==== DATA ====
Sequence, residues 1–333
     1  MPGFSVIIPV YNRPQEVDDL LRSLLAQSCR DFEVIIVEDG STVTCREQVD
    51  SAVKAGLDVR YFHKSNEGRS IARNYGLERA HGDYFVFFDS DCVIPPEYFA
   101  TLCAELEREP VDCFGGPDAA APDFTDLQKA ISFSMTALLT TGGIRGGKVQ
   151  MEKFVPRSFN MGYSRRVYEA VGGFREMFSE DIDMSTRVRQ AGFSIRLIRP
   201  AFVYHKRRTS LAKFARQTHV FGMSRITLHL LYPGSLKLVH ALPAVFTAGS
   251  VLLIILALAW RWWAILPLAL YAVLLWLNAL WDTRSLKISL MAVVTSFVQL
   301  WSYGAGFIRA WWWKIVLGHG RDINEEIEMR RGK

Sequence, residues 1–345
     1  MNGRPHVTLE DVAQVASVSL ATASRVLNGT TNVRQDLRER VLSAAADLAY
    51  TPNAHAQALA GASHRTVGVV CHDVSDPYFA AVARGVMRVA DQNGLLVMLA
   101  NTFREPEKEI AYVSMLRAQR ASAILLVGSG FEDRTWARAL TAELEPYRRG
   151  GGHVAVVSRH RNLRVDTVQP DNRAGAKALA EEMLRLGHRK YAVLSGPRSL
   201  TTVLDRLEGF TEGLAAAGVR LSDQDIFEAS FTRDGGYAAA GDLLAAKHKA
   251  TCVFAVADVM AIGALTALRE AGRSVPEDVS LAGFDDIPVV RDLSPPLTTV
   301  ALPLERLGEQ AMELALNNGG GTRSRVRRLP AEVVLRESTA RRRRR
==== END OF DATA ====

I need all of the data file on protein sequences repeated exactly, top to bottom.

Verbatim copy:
Sequence, residues 1–333
     1  MPGFSVIIPV YNRPQEVDDL LRSLLAQSCR DFEVIIVEDG STVTCREQVD
    51  SAVKAGLDVR YFHKSNEGRS IARNYGLERA HGDYFVFFDS DCVIPPEYFA
   101  TLCAELEREP VDCFGGPDAA APDFTDLQKA ISFSMTALLT TGGIRGGKVQ
   151  MEKFVPRSFN MGYSRRVYEA VGGFREMFSE DIDMSTRVRQ AGFSIRLIRP
   201  AFVYHKRRTS LAKFARQTHV FGMSRITLHL LYPGSLKLVH ALPAVFTAGS
   251  VLLIILALAW RWWAILPLAL YAVLLWLNAL WDTRSLKISL MAVVTSFVQL
   301  WSYGAGFIRA WWWKIVLGHG RDINEEIEMR RGK

Sequence, residues 1–345
     1  MNGRPHVTLE DVAQVASVSL ATASRVLNGT TNVRQDLRER VLSAAADLAY
    51  TPNAHAQALA GASHRTVGVV CHDVSDPYFA AVARGVMRVA DQNGLLVMLA
   101  NTFREPEKEI AYVSMLRAQR ASAILLVGSG FEDRTWARAL TAELEPYRRG
   151  GGHVAVVSRH RNLRVDTVQP DNRAGAKALA EEMLRLGHRK YAVLSGPRSL
   201  TTVLDRLEGF TEGLAAAGVR LSDQDIFEAS FTRDGGYAAA GDLLAAKHKA
   251  TCVFAVADVM AIGALTALRE AGRSVPEDVS LAGFDDIPVV RDLSPPLTTV
   301  ALPLERLGEQ AMELALNNGG GTRSRVRRLP AEVVLRESTA RRRRR